πi and πi∗ also entails a shrinking gap between them; that is, ∆π ≡ πi∗ − πi decreases with a
higher N ∗ , and hence the reduced incentives to offshore, as Figure 3 (left) illustrates. Thus,
from a purely static perspective, offshoring by some firms would seem to discourage further
offshoring by the other home firms.
Once we start considering the dynamics of market structure, however, our prediction
becomes more nuanced. Because a home firm produces at a higher marginal cost, its profit
is lower than that of an offshore firm (i.e., πi < πi∗ ), which implies a higher propensity to exit
in a standard model of entry and exit (to be specified in the next subsection). Through this
channel, offshoring by some firms may induce exits of other home firms, and consequently
reduce N more than proportionally. Figure 3 (right) shows that ∆π may increase as N ∗
increases and (N + N ∗ ) decreases.
Furthermore, knowing that the increasing presence of offshore firms could trigger shakeouts of home rivals, forward-looking firms in an oligopolistic market may engage in offshoring
with strategic motives, in the spirit of a preemption game or as an act of predation. These
Figure 3: Strategic Substitutability May Be Reversed in a Dynamic Setting
Constant Total Number of Firms, N + N* = 20
If Every Offshoring Induces Exit of Two Home Firms
Profit of an Offshore Firm
Profit of an Offshore Firm
Profit of a Home Firm
Profit of a Home Firm
Incentives to Offshore,
Incentives to Offshore,
Number of Offshore Firms, N*
Number of Offshore Firms, N*
Note: These numerical examples are based on (mc, mc∗ ) = (0.09, 0.05) and designed for illustration purposes
only. The left panel holds fixed the total number of firms at 20, whereas the right panel reduces N by 3 for
every increase in N ∗ to emulate the exit-inducing effect of offshoring.
dynamic strategic incentives may change nonmonotonically with market structure, and hence
whether the simple prediction of strategic substitution à la Cournot prevails in a dynamic
setting is not obvious. Thus, incorporating these forces seems important for the understanding of the empirical relationship between competition and offshoring.
For these reasons, the remainder of this section builds a dynamic oligopoly model of
offshoring with entry/exit to allow for the endogenous evolution of market structure.
Time is discrete with a finite horizon t = 0, 1, 2, ..., T. The motivation for this finite-horizon
setup is twofold. First, both the demand and the cost conditions changed rapidly in a
nonstationary manner, and hence I choose to let the value and policy functions depend on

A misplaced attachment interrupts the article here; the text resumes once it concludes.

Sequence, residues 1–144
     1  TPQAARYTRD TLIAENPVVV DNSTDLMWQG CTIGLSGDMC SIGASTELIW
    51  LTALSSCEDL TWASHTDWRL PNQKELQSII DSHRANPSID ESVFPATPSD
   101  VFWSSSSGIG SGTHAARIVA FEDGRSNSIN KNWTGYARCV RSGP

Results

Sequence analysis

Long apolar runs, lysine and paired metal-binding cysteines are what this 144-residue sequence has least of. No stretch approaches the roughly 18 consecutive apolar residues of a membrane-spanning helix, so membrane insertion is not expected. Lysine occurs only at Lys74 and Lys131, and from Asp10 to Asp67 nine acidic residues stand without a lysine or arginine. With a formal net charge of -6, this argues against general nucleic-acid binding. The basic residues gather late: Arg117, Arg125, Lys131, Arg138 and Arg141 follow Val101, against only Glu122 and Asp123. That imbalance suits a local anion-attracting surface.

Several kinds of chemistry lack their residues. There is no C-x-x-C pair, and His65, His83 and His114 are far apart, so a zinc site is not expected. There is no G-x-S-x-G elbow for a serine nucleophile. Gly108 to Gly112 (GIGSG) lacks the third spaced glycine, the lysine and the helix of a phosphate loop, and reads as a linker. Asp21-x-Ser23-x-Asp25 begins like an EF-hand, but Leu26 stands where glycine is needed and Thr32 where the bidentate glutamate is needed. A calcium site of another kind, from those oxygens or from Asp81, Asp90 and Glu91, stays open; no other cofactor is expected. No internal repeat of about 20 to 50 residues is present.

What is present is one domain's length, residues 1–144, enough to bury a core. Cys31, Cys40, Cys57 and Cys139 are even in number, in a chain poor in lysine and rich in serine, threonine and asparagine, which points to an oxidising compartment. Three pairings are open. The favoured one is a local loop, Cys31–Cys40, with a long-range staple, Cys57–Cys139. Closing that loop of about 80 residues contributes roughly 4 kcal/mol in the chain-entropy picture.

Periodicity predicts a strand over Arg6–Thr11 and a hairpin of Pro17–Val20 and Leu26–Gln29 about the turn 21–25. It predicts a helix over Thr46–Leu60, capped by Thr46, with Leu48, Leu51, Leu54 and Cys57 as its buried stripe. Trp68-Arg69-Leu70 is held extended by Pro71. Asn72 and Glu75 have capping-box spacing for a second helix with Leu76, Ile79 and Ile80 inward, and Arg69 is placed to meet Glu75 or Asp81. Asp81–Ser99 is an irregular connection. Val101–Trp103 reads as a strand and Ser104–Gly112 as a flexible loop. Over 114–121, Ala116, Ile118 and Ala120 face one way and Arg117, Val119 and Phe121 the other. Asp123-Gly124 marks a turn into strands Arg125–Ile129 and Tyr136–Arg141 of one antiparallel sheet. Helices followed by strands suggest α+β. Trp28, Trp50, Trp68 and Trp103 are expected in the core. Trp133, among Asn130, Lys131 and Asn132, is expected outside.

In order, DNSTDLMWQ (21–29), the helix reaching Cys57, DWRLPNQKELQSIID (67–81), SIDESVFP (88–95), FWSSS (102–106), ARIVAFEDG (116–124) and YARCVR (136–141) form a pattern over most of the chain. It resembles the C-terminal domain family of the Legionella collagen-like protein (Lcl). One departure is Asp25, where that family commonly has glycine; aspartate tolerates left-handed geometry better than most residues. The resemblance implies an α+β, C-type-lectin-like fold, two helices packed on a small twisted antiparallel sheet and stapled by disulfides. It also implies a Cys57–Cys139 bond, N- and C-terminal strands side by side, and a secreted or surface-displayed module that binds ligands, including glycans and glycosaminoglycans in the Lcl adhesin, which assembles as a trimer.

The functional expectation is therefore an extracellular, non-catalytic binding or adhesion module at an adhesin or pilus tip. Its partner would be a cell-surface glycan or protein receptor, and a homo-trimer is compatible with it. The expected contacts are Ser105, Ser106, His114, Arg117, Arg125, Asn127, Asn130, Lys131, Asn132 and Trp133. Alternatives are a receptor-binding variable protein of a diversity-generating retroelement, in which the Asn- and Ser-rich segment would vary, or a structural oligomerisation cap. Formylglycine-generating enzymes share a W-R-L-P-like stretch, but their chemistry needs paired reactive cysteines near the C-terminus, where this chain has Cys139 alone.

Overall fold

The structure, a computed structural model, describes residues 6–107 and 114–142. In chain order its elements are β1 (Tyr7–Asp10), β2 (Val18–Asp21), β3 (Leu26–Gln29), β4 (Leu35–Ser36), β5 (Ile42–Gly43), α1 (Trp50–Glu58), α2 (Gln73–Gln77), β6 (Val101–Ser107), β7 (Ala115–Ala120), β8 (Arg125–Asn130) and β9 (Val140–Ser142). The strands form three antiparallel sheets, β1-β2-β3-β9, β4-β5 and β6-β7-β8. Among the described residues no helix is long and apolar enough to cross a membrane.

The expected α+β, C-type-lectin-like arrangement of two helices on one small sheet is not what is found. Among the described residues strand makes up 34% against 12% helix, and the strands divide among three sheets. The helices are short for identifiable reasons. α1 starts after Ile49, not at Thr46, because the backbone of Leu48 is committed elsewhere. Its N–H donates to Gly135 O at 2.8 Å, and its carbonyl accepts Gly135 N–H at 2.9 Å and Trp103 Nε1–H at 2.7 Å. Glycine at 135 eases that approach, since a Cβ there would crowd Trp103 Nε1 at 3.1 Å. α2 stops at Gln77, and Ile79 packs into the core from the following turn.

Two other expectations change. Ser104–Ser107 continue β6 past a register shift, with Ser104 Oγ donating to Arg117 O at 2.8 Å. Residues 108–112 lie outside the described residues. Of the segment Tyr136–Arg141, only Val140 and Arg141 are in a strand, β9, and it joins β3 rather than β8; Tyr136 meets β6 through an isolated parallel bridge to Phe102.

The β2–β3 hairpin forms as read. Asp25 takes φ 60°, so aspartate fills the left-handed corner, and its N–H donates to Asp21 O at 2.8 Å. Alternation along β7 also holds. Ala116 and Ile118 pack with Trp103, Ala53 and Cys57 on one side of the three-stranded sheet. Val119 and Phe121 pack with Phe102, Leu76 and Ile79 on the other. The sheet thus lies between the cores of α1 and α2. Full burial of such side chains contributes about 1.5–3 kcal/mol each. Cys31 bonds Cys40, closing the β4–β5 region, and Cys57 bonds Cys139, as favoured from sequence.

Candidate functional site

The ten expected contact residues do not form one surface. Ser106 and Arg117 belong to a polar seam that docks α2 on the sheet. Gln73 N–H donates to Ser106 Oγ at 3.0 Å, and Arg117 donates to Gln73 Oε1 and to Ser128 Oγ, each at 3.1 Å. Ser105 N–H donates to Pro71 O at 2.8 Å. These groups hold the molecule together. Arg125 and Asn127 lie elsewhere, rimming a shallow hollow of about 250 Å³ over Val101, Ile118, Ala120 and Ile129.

t, which would be infeasible with an infinite horizon. Second, I avoid multiple equilibria by
exploiting the finite-horizon, sequential-move setting with iid private cost shocks, and solving
the game by backward induction (see the remainder of this section for further details).
A finite number of incumbent firms are indexed by i. In any year t, each incumbent firm
is in one of the two locational/technological states, sit ∈ {North, South}, and the industry
state is their aggregation, st ≡ {sit }i = (Nt , Nt∗ ), where Nt and Nt∗ are the numbers of
firms that produce in the North (“home”) and the South (“offshore”), respectively, and
s−it ≡ {sjt }j6=i .14 The transition of sit is as follows. The game starts in year 0 with N0 > 0
incumbents in the North and no firms in the South (N0∗ = 0). At the beginning of each year,
an infinite number of potential entrants consider the prospect of entry in the North.15 They
enter sequentially until the expected value of entry falls short of the cost of entry, κent . In
each year, a Northern incumbent may either exit the industry forever, continue producing in
the North, or relocate its manufacturing plants by paying a sunk cost, κ, to start producing
in the South from the next year at some lower manufacturing costs (“offshoring”).16 A
post-offshoring incumbent chooses to either exit or stay in the industry.17
The timing of the game is as follows. Each year t starts with the process of sequential
free (but not necessarily inexpensive) entry, followed by period competition, from which
each firm earns period profit πt (sit , s−it ) given the industry-wide demand and cost conditions
(embodied by time subscript in πt (·), to be specified in section 4). All of these industry-wide
features are common knowledge.
• After the period competition, Nt home firms draw iid private cost shocks εit = (ε0it , ε1it , ε2it )